For allotments there is a great demand among Sheffield artisans, who take a keen delight in the cultivation of flowers and vegetables, and in 1915 the Corporation was letting 1,465 allotment plots, in eight different outlying parts of the city. The Estates Committee, which manages the dwelling-house schemes, the surplus lands, and the allotments, spends about 6,000 a year, almost entirely on capital charges for property that has been bought but is not yet paying its way.

The Electric Supply Committee has attained a most promising success against circumstances that were exceptionally unfavourable. First, the committee has had to enter into competition at every point with the Sheffield Gas Company, a privately managed business that stands at the head of all such businesses throughout the kingdom. The Gas Company has supplied light and power with great efficiency at extraordinarily low rates. The Company has always been, and remains, successful in a high degree. Hence, in Sheffield, electric light and power have had continuously to face keen competition.

Then again, the Corporation took over the Electric Supply on January 1, 1899, from a Limited Company at a very high price, and much of the capital with which the purchase was made has remained dead, or altogether unproductive. Notwithstanding these drawbacks, the business has been brought by the City Council to a position of pronounced success. The indebtedness of the committee for capital stands at about 875,000. But in 1915 the receipts had reached 125,000; and the profits about 13,500. The department then employed about 350. The capacity of the generating machinery was 35,000 horse-power.

The Markets Committee is another section of the City Council that has been struggling with difficulties since the year 1899, when the markets, and all the rights and tolls connected with them, were bought from the Duke of Norfolk for 526,000. The citizens generally felt that, whatever the cost might be, the city should have a proprietary control of the markets, situated as they are in the very centre of Sheffield. But, of course, the central position made the land of high value as a saleable property.

The market receipts at that time were about 20,000 a year; the general expenses about 10,000 a year; the profits therefore, about 10,000. But the payment of interest on 526,000, and sinking fund charges for paying off the purchase money gradually, amount to between 23,000 and 24,000 a year. The result was that for six years there was a considerable loss, and this has added 27,000 to the debt. The next eight years, however, if averaged, incurred no loss, but a very slight gain. The annual receipts in 1914 were 36,500; the general expenses about 13,000; and 23,000 was required to pay interest and the yearly instalment of purchase money. So the markets, though making little apparent profit, are gradually buying themselves as they provide the annual purchase money, and that is a kind of profit.

The Corporation has obtained powers from Parliament for rebuilding the Fitzalan Market and making changes in that part of the city, which will greatly alter its appearance, the new market scheme being mixed up with important street improvements. This is the part of the city where the most striking changes are likely to come during the next ten years.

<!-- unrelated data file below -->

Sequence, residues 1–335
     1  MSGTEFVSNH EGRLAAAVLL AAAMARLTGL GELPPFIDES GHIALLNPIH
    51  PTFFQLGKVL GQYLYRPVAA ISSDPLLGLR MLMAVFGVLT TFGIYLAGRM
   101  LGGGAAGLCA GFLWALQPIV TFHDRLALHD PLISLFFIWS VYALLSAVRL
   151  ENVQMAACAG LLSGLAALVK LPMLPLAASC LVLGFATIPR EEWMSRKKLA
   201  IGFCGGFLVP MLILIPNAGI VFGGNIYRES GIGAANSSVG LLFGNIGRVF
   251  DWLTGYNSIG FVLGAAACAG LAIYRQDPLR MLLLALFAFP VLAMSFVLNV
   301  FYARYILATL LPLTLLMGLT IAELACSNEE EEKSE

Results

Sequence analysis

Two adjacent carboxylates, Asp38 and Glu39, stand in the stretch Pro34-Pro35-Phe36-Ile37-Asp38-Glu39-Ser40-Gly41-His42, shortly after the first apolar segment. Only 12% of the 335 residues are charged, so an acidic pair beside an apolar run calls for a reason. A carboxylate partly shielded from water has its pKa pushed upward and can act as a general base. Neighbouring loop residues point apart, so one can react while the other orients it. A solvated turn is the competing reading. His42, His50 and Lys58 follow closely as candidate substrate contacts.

The Parliamentary Committee is responsible for putting before the City Council all proposals for new laws that Parliament is asked to pass on behalf of the city; and it also considers new general laws passed by Parliament that may affect the city but have not been asked for by it. About every third year, a great city like Sheffield desires to do something which Parliament has not yet given it leave to do. All fresh ways of doing the city's business that may make new by-laws necessary, and all new capital expenditure, have to be sanctioned by Parliament, or by a Government Department in London. This involves great expense. The city may know exactly what it wants; but it has to send its Town Clerk, and other leading officials and prominent Aldermen and Councillors, to London to explain it all to people there who know nothing about it - a small Committee of about five members of Parliament or Lords - and, when it has all been laboriously and expensively explained to them, they decide whether the city shall have what it wants. Or, if it is a matter of expense only, with no addition to the local laws, an official from London comes down, holds an inquiry, and decides if the city may have what it requires. This may be wise in the case of a small place with inexperienced councillors, but it is a very undignified position for any great city.

The Watch Committee is responsible for the Police and Fire Brigade Services, and for the lighting of the city. It employs about 750 people, of whom about 620 belong to the police force. The police cost the city about 40,000 a year, and the fire brigade costs about 7,000 a year. Lighting the 12,000 lamps in the streets costs, with the illuminants, between 25,000 and 30,000, and there are between 180 and 200 lamplighters and cleaners. On the whole, Sheffield is a wall-lighted and orderly city, with very early habits of retiring to rest at night, owing, probably, to the early start in the morning necessary to reach the great works where so many are employed, and partly also owing to the distance from the middle of the city of many of the residential quarters.

The Overseers' Department collects the rates and makes out the lists of Parliamentary and Municipal voters. The staff of the department numbers about forty, and costs about 6,000 a year. The Parliamentary electors numbered 71,661 in 1915, and the Municipal electors 92,000. The yearly cost of municipal elections varies between 1,500 and 1,800.